I’d bet most of them claim to be entirely objective and accurate, leaving the North Star covered in yellow circles. I’d also bet that of the brands inside this arch, the average audience member lines up pretty well with our Thinking Ladder.
In any case, with this lens in mind, let’s look at two major recent media transformations:
Media Transformation #1: Broadcasting to Narrowcasting
In the 1980s, most Americans got their news from the Rather/Jennings/Brokaw trio on CBS, ABC, and NBC, and before them, from nationwide titans like Walter Cronkite. In those days, networks competed with each other for who could capture the largest share of American viewers. They were cautious to avoid seeming too politically biased and they knew that reporting a story incorrectly could lead to damaged credibility and a loss of viewers. So they had to be at least in the vicinity of the North Star.
Some might argue that the people who ran these networks (along with those who ran the major newspapers at the time) were reasonably objective and accurate because those were the sacred values of those organizations. Those more cynical might argue that the mission was just to maximize profit, and that they presented news with reasonable objectivity and accuracy simply because they would have been penalized with a loss of viewers for not doing so. It’s hard to know for sure, because the media market was configured at the time such that the market incentives drove selfish media brands toward the North Star.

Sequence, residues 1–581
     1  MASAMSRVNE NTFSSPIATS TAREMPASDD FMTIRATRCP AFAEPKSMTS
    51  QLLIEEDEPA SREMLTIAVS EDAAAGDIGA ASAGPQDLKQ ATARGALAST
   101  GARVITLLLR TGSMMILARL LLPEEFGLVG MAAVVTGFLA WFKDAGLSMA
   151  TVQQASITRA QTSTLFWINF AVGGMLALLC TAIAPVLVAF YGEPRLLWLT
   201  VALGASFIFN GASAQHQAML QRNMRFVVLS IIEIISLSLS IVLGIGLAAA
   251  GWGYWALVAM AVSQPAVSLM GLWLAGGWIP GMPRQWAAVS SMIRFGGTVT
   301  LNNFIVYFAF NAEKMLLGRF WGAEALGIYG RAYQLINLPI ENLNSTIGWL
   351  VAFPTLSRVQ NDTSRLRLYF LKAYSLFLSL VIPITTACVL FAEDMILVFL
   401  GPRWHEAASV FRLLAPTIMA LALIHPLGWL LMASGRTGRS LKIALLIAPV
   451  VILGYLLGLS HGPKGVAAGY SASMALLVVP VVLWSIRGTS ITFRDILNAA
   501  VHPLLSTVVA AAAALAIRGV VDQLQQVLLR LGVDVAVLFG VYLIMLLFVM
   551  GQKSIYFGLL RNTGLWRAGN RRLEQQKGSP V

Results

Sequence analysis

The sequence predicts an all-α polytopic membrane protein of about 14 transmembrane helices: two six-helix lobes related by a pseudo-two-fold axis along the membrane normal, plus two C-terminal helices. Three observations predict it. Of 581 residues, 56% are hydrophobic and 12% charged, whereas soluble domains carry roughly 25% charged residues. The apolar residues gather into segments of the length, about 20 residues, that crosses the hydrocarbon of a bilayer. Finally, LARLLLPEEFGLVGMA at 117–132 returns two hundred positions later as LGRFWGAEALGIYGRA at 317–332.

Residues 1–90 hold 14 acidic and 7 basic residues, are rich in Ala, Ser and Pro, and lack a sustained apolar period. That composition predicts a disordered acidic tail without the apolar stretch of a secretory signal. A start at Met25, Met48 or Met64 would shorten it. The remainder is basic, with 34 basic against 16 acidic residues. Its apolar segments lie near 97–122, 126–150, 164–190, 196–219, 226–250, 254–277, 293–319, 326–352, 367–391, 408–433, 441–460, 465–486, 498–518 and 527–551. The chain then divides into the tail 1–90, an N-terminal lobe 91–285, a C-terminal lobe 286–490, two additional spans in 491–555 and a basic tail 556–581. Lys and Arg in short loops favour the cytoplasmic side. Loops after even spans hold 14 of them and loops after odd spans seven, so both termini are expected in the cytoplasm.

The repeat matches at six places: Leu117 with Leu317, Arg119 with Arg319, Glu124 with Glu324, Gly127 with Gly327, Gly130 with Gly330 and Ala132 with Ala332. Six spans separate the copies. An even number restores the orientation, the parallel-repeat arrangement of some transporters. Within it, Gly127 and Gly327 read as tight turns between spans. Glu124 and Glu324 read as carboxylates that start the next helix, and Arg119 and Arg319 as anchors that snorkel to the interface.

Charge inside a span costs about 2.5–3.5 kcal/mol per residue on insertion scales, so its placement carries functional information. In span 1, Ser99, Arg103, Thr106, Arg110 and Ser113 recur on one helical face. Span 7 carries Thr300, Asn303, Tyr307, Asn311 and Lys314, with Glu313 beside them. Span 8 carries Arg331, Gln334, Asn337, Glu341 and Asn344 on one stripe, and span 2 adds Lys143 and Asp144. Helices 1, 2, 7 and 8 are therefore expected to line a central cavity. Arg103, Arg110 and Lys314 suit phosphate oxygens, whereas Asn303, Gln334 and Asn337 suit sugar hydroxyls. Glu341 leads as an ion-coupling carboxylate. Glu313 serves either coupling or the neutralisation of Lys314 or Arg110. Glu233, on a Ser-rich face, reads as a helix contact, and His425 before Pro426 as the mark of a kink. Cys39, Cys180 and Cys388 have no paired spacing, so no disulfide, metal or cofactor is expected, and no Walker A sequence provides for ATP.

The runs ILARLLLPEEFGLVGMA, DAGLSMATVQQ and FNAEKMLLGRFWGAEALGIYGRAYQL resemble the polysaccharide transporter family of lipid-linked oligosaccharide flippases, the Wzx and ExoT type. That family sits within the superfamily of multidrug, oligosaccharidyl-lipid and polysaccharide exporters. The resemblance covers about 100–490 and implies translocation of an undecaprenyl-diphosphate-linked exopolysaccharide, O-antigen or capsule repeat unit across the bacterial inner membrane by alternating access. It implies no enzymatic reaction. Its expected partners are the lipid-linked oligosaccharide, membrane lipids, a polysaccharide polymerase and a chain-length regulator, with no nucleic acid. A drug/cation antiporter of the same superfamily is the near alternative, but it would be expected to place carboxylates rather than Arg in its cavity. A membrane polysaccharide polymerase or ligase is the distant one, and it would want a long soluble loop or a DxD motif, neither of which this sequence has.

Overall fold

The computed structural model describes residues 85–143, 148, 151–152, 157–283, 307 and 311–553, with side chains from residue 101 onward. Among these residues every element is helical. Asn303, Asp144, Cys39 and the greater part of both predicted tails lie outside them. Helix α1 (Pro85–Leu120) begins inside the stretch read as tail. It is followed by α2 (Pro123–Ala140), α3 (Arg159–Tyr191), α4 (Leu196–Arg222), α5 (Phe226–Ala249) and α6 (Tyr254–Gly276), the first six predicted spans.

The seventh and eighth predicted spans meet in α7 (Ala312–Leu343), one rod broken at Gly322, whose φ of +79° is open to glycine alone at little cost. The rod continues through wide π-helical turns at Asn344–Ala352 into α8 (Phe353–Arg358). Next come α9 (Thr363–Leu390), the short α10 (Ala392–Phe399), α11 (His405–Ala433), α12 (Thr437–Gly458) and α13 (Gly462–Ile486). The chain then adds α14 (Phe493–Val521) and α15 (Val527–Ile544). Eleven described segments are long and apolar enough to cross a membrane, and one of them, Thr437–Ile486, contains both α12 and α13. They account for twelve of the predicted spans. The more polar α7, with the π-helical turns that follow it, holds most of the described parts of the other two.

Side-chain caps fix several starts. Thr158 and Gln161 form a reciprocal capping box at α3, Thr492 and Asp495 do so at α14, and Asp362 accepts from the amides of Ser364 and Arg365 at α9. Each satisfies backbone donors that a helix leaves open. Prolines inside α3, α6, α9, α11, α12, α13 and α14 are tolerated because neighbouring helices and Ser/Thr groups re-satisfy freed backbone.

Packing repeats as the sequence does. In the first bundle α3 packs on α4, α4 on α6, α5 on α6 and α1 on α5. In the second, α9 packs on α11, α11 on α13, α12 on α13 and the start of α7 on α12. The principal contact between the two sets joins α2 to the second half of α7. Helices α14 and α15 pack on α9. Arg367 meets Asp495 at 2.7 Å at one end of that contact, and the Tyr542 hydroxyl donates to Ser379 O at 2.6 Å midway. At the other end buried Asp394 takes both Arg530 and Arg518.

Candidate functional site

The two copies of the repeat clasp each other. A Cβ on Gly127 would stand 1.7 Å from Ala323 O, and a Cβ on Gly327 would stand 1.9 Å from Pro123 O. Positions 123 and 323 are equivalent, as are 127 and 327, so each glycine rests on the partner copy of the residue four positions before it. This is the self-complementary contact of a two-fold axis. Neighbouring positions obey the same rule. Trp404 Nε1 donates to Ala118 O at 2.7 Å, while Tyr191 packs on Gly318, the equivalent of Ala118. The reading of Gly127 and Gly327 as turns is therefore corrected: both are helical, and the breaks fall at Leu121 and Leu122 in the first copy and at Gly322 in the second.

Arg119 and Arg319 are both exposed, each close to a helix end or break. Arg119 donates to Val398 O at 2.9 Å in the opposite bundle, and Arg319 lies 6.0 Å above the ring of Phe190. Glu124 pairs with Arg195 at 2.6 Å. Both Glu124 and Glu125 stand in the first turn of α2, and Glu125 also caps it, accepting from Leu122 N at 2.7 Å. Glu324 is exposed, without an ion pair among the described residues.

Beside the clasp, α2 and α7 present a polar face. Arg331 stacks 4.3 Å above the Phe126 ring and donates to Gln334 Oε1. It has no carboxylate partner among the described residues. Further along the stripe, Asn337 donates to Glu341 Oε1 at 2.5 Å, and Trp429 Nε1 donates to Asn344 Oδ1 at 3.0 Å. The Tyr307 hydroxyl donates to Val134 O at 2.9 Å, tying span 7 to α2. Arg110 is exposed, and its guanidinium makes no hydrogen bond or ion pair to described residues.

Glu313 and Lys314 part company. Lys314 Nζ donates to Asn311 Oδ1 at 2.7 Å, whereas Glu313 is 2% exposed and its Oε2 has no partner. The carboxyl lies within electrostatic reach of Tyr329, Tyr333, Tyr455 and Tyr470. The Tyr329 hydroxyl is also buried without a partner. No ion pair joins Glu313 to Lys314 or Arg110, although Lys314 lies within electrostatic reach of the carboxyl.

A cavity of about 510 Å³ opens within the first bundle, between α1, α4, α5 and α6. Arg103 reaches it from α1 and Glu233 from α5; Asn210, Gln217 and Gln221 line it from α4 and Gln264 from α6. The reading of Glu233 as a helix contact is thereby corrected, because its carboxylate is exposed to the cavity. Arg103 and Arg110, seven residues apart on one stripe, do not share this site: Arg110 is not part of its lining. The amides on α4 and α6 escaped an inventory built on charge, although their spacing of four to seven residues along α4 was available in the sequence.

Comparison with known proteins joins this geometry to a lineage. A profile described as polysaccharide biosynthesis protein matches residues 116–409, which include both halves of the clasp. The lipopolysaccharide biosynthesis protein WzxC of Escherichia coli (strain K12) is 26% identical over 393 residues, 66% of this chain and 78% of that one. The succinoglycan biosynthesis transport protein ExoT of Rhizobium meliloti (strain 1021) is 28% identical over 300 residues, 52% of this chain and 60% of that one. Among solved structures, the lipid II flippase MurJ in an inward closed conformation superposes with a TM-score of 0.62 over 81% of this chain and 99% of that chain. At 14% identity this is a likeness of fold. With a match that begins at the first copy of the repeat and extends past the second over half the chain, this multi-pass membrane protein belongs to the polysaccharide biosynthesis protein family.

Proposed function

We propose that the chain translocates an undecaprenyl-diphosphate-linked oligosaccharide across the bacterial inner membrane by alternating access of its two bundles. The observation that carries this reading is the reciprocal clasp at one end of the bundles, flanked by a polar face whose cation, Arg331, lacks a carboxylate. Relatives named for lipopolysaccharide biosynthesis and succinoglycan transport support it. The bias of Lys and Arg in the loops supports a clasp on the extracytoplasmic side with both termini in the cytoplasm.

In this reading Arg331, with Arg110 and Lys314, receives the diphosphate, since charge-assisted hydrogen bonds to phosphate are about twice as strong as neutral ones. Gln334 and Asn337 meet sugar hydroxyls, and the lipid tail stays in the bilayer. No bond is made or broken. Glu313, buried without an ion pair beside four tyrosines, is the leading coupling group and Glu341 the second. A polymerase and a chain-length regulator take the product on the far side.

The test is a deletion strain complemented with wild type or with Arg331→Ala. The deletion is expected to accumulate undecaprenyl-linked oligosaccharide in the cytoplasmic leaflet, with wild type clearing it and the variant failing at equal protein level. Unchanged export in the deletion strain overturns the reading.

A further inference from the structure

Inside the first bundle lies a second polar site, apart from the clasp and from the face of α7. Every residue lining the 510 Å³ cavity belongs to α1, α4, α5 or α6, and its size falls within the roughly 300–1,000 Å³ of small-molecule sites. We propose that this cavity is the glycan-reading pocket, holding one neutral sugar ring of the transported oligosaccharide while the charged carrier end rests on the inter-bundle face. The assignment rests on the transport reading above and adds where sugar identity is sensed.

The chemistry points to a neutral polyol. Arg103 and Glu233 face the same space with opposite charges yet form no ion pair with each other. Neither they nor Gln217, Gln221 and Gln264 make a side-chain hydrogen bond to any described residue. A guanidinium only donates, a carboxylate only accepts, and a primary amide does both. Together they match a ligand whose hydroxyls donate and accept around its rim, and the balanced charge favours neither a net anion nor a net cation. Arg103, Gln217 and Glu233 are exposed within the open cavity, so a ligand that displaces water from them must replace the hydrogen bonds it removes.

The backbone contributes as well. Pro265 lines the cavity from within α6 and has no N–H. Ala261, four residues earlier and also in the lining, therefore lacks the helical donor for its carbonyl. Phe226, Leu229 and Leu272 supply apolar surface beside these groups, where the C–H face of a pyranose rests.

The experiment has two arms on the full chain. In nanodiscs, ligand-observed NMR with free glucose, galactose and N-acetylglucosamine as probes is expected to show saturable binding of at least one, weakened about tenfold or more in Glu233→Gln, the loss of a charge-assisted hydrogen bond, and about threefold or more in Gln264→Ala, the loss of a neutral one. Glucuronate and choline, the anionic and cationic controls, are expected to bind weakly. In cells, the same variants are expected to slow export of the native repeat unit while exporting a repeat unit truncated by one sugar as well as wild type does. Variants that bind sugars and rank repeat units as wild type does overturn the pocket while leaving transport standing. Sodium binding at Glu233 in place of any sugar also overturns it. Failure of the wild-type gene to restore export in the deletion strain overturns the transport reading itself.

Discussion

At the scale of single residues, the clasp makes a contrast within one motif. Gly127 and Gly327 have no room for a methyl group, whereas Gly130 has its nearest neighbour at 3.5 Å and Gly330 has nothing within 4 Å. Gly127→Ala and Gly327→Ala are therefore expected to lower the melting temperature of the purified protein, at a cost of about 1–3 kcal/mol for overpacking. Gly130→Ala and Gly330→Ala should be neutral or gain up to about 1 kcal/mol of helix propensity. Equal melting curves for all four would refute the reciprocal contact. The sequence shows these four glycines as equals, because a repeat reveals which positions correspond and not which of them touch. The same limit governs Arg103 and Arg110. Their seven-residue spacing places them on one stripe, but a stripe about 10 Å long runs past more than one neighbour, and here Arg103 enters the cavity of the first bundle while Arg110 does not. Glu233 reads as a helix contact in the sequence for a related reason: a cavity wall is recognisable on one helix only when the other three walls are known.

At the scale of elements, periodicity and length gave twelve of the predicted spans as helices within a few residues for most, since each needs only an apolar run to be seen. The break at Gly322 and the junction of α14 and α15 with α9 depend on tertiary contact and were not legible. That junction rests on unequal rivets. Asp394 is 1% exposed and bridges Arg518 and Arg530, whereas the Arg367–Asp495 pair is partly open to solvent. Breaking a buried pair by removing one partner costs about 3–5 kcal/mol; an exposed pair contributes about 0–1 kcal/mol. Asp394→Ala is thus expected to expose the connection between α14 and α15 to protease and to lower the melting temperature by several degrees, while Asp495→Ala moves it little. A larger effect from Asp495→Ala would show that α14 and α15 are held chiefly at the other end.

In recent decades, new technology has caused dramatic changes to the traditional media environment.